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Virginia

Labor

According to Bureau of Labor Statistics (BLS) provisional estimates, in July 2003 the seasonally adjusted civilian labor force in Virginia numbered 3,806,200, with approximately 151,600 workers unemployed, yielding an unemployment rate of 4.0%, compared to the national average of 6.2% for the same period. Since the beginning of the BLS data series in 1978, the highest unemployment rate recorded was 8.0% in March 1982. The historical low was 2.1% in July 2000. In 2001, an estimated 6.5% of the labor force was employed in construction; 11.3% in manufacturing; 5.4% in transportation, communications, and public utilities; 17.8% in trade; 6.7% in finance, insurance, and real estate; 27.2% in services; 18.6% in government; and 1.8% in agriculture.

Although the state has no equal-employment statute, an equal-pay law does prohibit employers from wage discrimination on the basis of sex, and the Virginia Employment Contracting Act established as state policy the elimination of racial, religious, ethnic, and sexual bias in the employment practices of government agencies and contractors. The labor movement has grown slowly, partly because of past practices of racial segregation that prevented workers from acting in concert.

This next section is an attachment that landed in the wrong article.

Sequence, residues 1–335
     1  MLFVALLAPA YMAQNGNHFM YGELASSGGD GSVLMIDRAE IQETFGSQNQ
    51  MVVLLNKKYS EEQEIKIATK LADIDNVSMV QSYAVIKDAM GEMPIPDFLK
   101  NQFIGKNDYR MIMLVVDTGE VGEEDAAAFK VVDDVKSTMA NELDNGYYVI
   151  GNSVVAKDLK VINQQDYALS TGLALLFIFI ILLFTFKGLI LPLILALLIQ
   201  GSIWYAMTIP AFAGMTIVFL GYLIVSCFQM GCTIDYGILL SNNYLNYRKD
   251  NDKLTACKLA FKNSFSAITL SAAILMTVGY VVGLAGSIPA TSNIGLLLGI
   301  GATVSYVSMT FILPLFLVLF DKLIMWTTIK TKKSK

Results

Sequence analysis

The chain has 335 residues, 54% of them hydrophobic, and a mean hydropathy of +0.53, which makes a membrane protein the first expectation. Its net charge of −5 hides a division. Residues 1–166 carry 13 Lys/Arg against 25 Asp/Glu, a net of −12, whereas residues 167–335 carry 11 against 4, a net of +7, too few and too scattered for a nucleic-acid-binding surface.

The US Department of Labor reported that in 2002, 189,000 of Virginia's 3,208,000 employed wage and salary workers were members of unions. This represented 5.9% of those so employed, up from 5.0% in 2001, but down from 6.8% in 1998. The national average is 13.2%. In all, 249,000 workers (7.8%) were represented by unions. In addition to union members, this category includes workers who report no union affiliation but whose jobs are covered by a union contract. Virginia is one of 22 states with a right-to-work law.